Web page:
DCI was defined clinically as decreased Glasgow Coma Scale of at least 2 points lasting ≥ 2 h or a new focal deficit that had developed between days 4 and 14 after SAH and that could not be explained by other possible causes. Patients were then placed on continuous intravenous infusion of DOB administered initially at a low dose of 3 μg/kg/min and then increased in 3 μg/kg/min increments to induce hemodynamic augmentation (APCO target ≥ 3.5 L/min/m2 or ≥ 25% increase from baseline) to a level at which the deficit was fully resolved or there was a maximal systolic blood pressure of 180 mmHg or heart rate of 130 beats/min as the standard approach to increase cerebral blood flow medically for the treatment of DCI.[ 7 ] Cerebral infarction due to DCI was defined on magnetic resonance imaging (MRI) as the presence of acute ischemic lesion (i.e., hyperintense on diffusion-weighted images without T2-weighted signal intensities) obtained immediately after clinical deterioration as well as on day 14 for routine follow-up. If the patient's clinical symptoms did not progress for at least 48 h and no new evidence of DCI-related infarction could be found on follow-up MRI on day 14, dobutamine was gradually decreased every 12 h in 3- to 5-μg/kg/min increments.

Hemodynamic monitoring

FloTrac/Vigileo system

Radial artery access was established with a 20- or 22-gauge catheter connected to a FloTrac sensor kit (MHD8S, Edwards Lifesciences). The APCO indexed to body surface area (APCI) by means of the DuBois formula (BSA = body weight [kg] × body length [cm]0.725 × 71.84) was determined from the arterial pressure waveform using the algorithm of the Vigileo monitor (MHM1, Edwards Lifesciences) utilizing the relationship between pulse pressure and stroke volume and the inverse relationship of pulse pressure with aortic compliance, with a calculation performed every 20 s on the basis of the preceding 20-s interval of arterial waveform analysis. A conversion factor (÷) was used to account for dynamic changes in vascular tone, and was calculated from pressure waveform characteristics along with patient demographic data (age, gender, height, weight, and body surface area) to estimate large-vessel compliance. The rate of adjustment of the internal variable estimating vascular tone was reduced from 10 min to 60 s with new third-generation software (version 3.02; Edwards Lifesciences) in combination with a reduction of pulse wave detection noise.[ 8 ]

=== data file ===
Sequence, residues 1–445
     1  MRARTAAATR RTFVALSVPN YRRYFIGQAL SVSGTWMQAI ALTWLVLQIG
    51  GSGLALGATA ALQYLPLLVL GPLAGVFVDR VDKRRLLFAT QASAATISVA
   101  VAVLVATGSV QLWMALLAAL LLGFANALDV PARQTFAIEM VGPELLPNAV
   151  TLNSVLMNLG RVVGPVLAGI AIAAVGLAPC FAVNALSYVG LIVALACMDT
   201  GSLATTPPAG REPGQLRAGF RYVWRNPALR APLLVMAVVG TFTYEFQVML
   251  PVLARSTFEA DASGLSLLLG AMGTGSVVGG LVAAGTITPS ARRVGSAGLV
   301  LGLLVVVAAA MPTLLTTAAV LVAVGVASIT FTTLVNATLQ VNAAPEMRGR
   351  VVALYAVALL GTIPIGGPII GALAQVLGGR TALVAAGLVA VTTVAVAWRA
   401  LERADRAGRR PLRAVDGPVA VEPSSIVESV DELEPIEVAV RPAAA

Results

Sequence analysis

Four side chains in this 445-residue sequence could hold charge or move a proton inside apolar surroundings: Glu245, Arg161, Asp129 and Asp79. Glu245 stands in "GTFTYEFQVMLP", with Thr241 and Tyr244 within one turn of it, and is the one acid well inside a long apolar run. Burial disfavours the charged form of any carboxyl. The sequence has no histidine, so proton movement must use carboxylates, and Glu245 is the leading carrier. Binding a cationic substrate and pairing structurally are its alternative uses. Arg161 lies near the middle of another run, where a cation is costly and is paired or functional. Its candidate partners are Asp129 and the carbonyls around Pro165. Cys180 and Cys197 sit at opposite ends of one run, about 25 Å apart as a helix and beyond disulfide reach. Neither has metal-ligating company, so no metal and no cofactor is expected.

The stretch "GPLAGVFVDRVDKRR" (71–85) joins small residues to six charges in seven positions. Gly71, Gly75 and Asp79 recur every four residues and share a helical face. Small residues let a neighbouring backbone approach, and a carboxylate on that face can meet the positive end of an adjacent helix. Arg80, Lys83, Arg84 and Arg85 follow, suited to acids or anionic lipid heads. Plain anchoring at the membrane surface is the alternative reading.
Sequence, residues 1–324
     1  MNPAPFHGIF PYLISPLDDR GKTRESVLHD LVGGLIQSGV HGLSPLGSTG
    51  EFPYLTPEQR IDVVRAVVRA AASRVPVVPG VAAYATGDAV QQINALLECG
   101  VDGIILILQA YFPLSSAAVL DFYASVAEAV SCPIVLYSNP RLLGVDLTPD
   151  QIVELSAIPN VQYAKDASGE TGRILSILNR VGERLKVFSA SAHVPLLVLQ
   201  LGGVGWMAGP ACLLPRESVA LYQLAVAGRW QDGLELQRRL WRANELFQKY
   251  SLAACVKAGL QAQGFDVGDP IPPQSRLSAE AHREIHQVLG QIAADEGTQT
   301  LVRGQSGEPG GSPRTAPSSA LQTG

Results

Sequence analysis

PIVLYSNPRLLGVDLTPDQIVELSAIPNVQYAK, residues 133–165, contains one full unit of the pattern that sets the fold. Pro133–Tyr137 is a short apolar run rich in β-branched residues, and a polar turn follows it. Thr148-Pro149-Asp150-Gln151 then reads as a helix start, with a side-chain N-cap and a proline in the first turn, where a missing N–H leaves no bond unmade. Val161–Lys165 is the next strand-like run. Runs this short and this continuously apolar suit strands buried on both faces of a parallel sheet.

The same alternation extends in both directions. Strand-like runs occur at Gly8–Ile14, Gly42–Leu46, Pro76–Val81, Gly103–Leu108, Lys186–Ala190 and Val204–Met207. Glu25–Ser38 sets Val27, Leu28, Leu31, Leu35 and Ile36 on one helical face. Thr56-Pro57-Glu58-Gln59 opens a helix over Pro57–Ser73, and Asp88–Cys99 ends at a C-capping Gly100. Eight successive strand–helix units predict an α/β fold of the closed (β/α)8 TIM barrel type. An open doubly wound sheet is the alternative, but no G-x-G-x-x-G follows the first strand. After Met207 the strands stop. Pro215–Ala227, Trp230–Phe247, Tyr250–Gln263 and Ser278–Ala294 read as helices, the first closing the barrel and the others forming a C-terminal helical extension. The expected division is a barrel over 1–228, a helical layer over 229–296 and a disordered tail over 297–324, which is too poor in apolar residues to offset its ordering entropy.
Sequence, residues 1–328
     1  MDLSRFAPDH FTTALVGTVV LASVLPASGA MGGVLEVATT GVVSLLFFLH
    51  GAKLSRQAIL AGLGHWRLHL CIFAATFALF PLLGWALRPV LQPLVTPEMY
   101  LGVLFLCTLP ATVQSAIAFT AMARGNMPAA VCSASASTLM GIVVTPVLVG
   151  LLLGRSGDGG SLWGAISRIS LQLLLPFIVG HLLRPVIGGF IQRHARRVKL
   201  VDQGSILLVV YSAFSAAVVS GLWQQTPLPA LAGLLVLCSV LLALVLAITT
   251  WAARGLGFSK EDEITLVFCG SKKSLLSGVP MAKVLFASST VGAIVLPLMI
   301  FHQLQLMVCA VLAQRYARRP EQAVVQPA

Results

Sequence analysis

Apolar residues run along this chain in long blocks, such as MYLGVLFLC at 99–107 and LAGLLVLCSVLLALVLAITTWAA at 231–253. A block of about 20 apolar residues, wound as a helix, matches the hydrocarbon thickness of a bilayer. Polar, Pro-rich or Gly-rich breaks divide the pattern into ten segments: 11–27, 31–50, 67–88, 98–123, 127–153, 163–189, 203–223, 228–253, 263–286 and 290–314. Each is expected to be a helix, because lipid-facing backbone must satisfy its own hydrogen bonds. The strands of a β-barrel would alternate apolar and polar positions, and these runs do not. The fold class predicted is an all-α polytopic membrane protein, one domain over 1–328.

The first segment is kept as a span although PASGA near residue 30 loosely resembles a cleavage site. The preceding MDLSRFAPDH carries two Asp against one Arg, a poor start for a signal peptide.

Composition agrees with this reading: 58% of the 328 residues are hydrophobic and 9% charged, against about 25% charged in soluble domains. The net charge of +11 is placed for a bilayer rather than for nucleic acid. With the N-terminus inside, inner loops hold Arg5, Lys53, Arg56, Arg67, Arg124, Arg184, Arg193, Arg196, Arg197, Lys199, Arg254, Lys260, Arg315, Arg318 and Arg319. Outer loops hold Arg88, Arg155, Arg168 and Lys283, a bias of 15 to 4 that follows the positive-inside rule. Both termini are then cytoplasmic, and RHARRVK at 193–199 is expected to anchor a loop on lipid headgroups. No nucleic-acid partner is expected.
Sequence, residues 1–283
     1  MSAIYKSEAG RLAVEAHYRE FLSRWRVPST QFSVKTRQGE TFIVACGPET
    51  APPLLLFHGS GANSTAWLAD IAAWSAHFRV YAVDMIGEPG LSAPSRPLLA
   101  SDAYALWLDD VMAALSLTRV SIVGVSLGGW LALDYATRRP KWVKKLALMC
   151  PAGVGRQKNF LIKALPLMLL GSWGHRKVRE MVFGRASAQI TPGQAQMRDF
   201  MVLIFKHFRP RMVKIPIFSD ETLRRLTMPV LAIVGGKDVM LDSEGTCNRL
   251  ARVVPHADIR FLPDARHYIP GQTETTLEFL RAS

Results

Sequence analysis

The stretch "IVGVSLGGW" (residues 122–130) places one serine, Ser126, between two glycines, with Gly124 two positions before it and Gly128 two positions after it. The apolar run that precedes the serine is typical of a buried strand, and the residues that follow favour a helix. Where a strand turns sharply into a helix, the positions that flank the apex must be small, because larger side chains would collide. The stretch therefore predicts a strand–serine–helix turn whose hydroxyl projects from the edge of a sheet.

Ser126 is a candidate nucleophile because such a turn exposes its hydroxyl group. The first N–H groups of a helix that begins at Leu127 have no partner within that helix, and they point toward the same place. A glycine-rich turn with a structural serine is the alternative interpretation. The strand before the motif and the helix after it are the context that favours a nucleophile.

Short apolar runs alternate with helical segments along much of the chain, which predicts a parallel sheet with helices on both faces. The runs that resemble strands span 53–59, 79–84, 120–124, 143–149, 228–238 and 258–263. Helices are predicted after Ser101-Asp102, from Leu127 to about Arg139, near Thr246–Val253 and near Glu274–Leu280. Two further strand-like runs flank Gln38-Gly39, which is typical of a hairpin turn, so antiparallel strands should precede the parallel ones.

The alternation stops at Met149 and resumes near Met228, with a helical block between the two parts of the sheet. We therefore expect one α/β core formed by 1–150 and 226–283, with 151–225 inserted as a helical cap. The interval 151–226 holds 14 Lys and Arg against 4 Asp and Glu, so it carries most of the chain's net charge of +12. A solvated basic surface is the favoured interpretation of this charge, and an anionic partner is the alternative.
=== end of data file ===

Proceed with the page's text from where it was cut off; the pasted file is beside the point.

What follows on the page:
PiCCO system

A 7-Fr central venous catheter was inserted in the subclavian or femoral vein. A 4-Fr 16 cm thermistor catheter (Pulsiocath PV2014L16, Pulsion Medical Systems, Munich, Germany) was then inserted into the brachial artery and connected to an integrated bedside monitoring system (PiCCO, Pulsion Medical Systems). Reference transpulmonary thermodilution cardiac output (TPCO) was determined by triplicate central venous injections of 15-mL ice-cold saline (< 8°C). The thermodilution curve was analyzed using the Stewart–Hamilton algorithm followed by the pulse contour analysis for continuous measurements. Global end-diastolic volume (GEDV) that constitutes a reliable volumetric indicator of cardiac preload was calculated from the difference between intrathoracic and pulmonary thermal volume, according to the PiCCO-technology.[ 24 ] TPCO and GEDV were indexed to body surface area, yielding cardiac index (TPCI, normal value: 3.0–5.0 L/min/m2) and GEDV index (GEDI, normal value: 680–800 mL/m2), respectively. In patients managed with PiCCO, values of GEDI, rather than fluid balance, were considered a more robust parameter of intravascular volume status to titrate fluids to prevent hypovolemia (GEDI <680 mL/m2) during the therapy.[ 20 21 ]